Memorable TeachersIn the most recent issue, I mentioned my old CFI, Dick Branick. He read the column, and called me. We "did lunch" together and rehashed old times.
I got my multiengine and instrument ratings under Dick's tutelage in the mid-1970s, and he put me through the wringer both times. By the time he signed me off for each checkride, I felt confident. Indeed, both checkrides went without a hitch, and today I remember the stress of Dick's instruction much more than any checkride stress.
Yes, Dick was tough, but we did have fun together, and our recent luncheon was rife with laughter as we brought back the old memories. His teaching was high stress but never dull. Each flight was a contest during which I tried to do it right, and he tried to catch me goofing up. I still remember with mixed feelings his gleeful delight each time he caught me in error, but I also remember the day he gave me his highest accolade as he signed me off for the instrument checkride: "Actually Ralph, you're a pretty good instrument pilot."
One of my best memories, though, is of the time-oh, joyous day-that I caught him in an error. We were in a Cherokee, and he was flying. As he went through the checklist, I noticed that he had failed to turn on the electric boost pump. I was delighted. I distracted him in every way imaginable as we pulled onto the runway, and I sat back in absolute bliss as we took off. After takeoff he lowered the nose and, at the proper point, reached out to turn that boost pump off. I chortled in delight as I did my best imitation of him, asking if he intended to kill us, if he needed help reading the checklist, if he thought he knew more about engine operation than both Piper and Lycoming. It was one of my proudest moments. The older we get, the better-and more loudly-I remember it. Dick, on the other hand, says he isn't sure that it really happened and is beginning to wonder if I made the whole thing up.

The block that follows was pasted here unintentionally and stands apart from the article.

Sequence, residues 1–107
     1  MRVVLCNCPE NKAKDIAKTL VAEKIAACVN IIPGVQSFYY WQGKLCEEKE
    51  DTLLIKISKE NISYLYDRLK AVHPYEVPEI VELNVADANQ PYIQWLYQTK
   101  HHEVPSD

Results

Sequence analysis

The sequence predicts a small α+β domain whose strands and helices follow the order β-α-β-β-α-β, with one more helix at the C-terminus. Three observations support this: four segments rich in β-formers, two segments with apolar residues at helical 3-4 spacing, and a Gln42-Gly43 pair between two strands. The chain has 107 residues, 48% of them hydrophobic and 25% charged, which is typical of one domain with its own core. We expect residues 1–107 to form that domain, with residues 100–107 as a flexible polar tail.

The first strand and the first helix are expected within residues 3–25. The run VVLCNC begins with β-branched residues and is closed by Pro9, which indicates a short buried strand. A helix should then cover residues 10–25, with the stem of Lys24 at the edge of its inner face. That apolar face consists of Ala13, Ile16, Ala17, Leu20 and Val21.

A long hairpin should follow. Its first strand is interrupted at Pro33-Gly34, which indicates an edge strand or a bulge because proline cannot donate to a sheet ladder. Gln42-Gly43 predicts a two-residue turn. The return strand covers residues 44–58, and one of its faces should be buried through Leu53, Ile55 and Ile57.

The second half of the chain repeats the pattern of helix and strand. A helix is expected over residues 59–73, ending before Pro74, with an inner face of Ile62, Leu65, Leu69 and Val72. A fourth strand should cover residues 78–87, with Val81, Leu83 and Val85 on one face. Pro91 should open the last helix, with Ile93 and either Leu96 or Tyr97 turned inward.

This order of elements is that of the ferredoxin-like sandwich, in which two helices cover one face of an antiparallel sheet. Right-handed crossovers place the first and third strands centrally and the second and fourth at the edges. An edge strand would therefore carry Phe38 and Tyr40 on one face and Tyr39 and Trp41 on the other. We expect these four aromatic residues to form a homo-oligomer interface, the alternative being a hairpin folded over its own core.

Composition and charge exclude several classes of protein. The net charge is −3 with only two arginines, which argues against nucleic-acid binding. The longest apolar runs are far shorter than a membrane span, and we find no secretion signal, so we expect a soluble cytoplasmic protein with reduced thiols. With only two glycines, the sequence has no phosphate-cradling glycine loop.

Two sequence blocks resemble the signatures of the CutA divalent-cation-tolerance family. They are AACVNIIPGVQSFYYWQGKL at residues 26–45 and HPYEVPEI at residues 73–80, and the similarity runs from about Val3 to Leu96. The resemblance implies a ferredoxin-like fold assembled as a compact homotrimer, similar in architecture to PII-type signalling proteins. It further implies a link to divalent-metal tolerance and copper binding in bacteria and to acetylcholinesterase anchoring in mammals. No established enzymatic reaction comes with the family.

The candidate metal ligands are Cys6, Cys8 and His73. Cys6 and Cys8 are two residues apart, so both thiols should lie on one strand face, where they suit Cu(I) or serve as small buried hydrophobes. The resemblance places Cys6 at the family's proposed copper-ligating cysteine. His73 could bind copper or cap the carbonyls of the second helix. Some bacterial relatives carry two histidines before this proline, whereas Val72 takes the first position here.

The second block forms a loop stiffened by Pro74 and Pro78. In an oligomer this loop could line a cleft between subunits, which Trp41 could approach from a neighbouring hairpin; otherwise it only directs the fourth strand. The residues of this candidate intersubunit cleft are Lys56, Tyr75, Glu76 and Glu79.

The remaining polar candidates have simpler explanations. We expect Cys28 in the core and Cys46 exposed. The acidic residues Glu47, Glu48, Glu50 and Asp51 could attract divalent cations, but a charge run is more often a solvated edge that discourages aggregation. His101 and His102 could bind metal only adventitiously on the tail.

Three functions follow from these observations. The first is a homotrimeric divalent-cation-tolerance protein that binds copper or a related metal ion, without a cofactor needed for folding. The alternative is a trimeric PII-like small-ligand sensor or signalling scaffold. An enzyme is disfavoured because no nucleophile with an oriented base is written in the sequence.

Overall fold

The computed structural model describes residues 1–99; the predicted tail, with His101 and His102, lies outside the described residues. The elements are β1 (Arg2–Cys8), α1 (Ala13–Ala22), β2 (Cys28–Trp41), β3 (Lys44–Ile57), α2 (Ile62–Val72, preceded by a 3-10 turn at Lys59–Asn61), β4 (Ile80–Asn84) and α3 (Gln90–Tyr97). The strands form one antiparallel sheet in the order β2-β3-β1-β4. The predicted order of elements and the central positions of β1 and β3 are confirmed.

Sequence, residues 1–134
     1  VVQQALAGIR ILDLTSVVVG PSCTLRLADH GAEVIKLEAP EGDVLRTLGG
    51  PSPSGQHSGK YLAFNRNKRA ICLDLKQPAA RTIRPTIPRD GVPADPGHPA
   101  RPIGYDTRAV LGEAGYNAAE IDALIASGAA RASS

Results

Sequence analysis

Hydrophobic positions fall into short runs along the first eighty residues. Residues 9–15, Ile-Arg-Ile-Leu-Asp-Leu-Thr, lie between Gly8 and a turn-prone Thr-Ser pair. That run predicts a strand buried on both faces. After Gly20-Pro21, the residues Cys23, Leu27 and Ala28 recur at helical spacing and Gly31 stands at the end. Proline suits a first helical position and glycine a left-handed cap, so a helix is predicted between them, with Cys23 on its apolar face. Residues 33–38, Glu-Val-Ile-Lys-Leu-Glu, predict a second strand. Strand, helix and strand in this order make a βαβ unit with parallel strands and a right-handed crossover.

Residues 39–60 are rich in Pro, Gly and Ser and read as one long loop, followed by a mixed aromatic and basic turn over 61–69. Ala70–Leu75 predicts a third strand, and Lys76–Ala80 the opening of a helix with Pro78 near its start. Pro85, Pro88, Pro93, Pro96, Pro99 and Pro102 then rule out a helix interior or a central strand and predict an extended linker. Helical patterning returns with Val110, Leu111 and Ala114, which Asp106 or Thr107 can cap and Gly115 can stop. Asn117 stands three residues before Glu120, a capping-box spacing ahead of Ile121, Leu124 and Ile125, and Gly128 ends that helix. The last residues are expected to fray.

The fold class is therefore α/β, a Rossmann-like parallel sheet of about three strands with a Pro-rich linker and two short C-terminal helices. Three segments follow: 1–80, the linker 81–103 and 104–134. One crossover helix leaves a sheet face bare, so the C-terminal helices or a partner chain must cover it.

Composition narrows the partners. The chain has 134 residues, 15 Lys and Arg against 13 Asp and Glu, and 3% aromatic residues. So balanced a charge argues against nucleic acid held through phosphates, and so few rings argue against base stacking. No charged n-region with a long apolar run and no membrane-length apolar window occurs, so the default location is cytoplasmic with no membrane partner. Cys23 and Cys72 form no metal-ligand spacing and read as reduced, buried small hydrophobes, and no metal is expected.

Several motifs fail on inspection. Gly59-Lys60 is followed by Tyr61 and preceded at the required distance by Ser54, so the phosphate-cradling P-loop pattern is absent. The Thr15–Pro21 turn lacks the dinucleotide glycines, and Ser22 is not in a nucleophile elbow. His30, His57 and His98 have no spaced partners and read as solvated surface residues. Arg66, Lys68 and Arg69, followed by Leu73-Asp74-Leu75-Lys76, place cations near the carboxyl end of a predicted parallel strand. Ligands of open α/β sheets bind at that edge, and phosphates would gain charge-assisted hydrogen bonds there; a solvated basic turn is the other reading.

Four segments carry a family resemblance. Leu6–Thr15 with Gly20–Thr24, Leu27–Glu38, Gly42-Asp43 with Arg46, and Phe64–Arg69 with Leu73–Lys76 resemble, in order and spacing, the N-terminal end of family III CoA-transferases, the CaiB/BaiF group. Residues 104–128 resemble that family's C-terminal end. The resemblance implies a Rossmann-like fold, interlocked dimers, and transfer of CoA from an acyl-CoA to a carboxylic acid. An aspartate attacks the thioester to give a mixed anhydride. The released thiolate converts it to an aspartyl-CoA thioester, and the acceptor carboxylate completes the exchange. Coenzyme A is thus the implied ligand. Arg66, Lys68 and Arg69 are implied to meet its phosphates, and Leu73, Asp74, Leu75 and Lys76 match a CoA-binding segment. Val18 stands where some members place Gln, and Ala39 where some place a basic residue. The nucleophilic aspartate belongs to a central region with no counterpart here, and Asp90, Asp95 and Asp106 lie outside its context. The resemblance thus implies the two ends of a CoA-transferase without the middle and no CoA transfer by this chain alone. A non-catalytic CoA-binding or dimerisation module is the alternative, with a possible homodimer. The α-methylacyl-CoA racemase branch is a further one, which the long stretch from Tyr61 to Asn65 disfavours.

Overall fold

I also remember the day Dick was teaching me aerobatics in a Great Lakes open cockpit biplane. I was in front; he was in back. He demonstrated each maneuver, and I tried to duplicate it. After a while I abruptly announced that I was airsick, and he would have to fly back to the airport.
His answer was short and simple, "Hell, no. You fly. If you're sick I'm keeping my head below this panel and clear of the slipstream." I flew.
I had more tailwheel time than Dick, and one wonderful day I lucked into a sensually smooth wheel landing in that Great Lakes. Dick was mightily impressed. I, of course, pretended that all my wheel landings were perfect.
Then there was the time we were test flying a brand new Piper Arrow, and the engine quite suddenly ceased to operate. The speed with which we got it running again was a testimonial to the value of proper training.
Most of all, I remember that Dick taught me things that kept me alive, and he insisted that I learn them right.
My wish for all young CFIs is that 20 years from now you might have lunch with a student who remembers you with the same respect and appreciation that I feel for Dick Branick.
By Ralph Hood